+ I dropped the ball on the bike this week. I couldn't really help having a work conference on Thursday night, but I could have gotten my long ride done on Saturday morning if I had planned better.
+ I actually didn't freak out about dropping the ball on the bike, which is kind of amazing. I'm usually a stickler for my training plan, only because I believe that's what brings me the most results, but I'm learning that I can make my training a priority and still have a life. Missing a 1-hour bike ride isn't going to keep me from crossing the finish line. Missing my long ride wouldn't even have been the end of the world, especially if it meant spending time with my dog instead. I plan my life around my training as much as possible, but some weeks, like this one, life forces my hand. If I can only follow my training plan 95% correctly instead of 100%, well I guess I can live with that. 
+ This week reminded me why I love endurance sports so much. It's fun to go out and run a speedy 5k sometimes, or get on my bike and know it will be over in an hour and I can move on to other things, but there's nothing like the calmness I get once I've been out on the road for a while. As someone with a very active mind, it's amazing that I can go 30 minutes just watching the pavement go by without a single thought taking hold of my mind. My mind isn't blank during that time, but all my thoughts are fleeting.  
+ I feel like I'm progressing pretty well in each discipline but I have no idea how I'm ever going to put them all together! Like I can't imagine swimming as far as I have been, biking 20 miles further than I have been (which has left me pretty spent), and then running for a couple hours afterward. I'm sure it will come together eventually, but right now I just don't see it. Maybe I'll be jacked up enough on race day adrenaline? 

Sunday Sweats [6/15-6/21]: B2B Training Week 2


Swim: 2400 yds
I swam on Wednesday night after dinner, so I felt a little sluggish in the water. Not bad, just not as good as my previous swim. This one had more sets which meant more lap numbers and configurations to keep track of, so instead of really getting into a groove I felt preoccupied with keeping count and it felt like it took even longer than it did. To be fair, it probably would have felt that way no matter what since it was the longest I'd ever spent in the pool (50 minutes) and the longest distance I'd ever swam (2400yds is ~1.4 miles).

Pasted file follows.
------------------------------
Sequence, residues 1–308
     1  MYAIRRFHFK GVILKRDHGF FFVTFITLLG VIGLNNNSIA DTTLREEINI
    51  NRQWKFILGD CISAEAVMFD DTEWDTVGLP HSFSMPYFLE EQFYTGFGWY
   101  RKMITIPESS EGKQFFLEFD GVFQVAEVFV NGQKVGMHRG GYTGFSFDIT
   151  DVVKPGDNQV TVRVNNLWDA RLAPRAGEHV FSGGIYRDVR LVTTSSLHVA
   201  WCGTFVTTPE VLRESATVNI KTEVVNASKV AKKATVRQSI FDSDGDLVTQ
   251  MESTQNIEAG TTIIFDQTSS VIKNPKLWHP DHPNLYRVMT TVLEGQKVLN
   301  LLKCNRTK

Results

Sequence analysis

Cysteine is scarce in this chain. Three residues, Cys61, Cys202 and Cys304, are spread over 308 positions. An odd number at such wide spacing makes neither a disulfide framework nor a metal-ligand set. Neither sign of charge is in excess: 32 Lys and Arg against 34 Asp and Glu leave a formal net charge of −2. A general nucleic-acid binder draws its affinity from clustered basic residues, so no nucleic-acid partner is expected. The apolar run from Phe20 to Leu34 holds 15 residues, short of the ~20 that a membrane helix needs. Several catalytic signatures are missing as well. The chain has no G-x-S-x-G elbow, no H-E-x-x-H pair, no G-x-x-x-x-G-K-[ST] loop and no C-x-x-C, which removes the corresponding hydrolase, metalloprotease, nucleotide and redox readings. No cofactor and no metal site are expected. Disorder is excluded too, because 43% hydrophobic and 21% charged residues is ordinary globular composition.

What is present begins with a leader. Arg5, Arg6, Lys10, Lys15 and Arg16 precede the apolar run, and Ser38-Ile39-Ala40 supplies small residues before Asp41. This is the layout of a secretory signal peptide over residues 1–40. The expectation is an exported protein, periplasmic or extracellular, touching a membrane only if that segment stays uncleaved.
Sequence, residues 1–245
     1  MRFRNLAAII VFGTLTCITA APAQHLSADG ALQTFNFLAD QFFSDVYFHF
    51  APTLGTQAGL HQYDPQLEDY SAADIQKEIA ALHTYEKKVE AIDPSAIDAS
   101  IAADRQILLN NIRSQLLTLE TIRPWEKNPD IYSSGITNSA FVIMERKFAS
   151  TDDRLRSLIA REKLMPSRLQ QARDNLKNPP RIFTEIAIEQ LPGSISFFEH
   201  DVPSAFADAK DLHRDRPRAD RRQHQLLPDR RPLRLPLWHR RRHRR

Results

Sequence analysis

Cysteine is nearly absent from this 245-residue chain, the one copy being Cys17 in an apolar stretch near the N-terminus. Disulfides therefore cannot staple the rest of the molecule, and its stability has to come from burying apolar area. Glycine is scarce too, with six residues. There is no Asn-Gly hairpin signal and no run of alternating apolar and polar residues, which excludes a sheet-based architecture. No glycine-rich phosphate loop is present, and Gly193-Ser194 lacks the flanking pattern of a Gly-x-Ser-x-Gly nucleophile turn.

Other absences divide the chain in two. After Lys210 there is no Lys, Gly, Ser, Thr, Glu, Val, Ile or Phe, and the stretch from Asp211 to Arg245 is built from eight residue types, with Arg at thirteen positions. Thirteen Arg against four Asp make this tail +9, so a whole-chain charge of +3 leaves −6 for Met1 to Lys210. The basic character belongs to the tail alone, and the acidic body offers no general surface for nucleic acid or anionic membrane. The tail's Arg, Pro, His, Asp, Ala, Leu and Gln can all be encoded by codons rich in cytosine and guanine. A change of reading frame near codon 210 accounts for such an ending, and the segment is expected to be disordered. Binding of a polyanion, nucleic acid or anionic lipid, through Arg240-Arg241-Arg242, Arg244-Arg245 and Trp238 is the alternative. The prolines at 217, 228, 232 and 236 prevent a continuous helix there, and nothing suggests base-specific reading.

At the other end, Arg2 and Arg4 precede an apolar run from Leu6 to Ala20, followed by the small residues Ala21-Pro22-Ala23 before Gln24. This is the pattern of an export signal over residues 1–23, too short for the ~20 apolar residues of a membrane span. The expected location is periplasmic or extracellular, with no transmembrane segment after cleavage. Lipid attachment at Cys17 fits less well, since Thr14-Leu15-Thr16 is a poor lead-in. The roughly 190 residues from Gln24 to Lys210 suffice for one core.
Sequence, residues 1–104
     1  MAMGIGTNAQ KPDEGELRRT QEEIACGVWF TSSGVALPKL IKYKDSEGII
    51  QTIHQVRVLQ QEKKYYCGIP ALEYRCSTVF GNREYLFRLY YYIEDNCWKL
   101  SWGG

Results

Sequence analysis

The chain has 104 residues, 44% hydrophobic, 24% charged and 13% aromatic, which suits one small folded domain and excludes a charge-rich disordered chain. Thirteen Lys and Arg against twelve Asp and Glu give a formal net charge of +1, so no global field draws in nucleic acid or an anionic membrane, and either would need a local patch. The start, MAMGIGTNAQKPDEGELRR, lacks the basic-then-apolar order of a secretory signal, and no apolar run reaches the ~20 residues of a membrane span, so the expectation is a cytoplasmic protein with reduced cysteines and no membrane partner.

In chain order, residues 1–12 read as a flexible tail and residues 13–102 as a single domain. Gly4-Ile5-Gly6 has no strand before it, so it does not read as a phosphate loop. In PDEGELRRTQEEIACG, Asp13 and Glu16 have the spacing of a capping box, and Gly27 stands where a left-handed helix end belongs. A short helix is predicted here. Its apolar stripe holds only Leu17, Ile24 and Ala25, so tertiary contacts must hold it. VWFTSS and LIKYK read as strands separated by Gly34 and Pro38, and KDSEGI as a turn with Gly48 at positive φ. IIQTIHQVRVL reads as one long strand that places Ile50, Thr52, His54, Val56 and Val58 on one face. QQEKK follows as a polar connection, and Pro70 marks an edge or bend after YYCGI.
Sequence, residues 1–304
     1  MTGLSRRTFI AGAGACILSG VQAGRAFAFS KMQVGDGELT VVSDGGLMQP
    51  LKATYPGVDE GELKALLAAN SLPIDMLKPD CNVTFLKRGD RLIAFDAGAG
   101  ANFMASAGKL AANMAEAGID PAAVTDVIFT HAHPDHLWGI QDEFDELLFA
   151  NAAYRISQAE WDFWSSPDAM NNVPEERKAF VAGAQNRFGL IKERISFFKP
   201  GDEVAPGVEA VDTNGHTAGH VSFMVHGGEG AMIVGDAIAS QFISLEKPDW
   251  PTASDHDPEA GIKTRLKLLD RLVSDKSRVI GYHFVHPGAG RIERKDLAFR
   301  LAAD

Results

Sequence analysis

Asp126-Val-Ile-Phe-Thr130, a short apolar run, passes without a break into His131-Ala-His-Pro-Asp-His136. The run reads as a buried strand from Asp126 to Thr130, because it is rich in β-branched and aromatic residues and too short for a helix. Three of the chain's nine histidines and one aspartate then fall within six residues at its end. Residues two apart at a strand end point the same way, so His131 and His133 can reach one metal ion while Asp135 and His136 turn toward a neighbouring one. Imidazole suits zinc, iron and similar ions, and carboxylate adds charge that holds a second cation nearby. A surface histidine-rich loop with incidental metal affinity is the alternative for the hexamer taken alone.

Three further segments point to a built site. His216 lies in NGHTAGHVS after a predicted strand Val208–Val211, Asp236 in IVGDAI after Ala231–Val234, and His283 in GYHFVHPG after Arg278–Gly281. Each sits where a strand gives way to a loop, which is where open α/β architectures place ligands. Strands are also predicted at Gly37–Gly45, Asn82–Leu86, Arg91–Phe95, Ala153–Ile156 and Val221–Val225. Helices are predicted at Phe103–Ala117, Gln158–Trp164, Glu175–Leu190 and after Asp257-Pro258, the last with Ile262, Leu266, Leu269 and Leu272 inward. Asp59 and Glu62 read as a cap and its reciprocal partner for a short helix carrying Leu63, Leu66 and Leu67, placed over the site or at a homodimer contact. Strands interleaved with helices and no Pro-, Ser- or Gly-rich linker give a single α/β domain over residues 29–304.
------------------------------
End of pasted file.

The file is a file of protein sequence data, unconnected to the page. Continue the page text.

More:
I was supposed to swim on Friday after work but didn't - my first skipped workout of this training plan :( On week 2! :( :( The main reason I didn't is because I fell on my run earlier that morning and scraped up my hand and knee pretty badly. I wasn't sure if getting in the pool would be helpful or not, and I read some conflicting information but the majority seemed to say to not swim. Of course I would have bandaged it and everything but it just didn't seem worth the risk of getting infected, no matter how minuscule the chances may have been. That doesn't mean I didn't spend a good 2 hours at work stressing over missing my workout though. 

Bike: 50.53 miles + 35 minutes spin
This week I joined the YMCA and started going back to spin class! I'm scheduled to do bike drills (which is basically what spin class is) on Tuesdays, so I found a class at the Y near me. It's only a 30-minute beginner class so I was worried it would be too easy for me, but I had a nice puddle of sweat on the mat underneath my bike within the first 5 minutes so it turns out that's not a concern at all. I liked the teacher and the class (even though it was super tough!) so I'm excited to make this my Tuesday routine.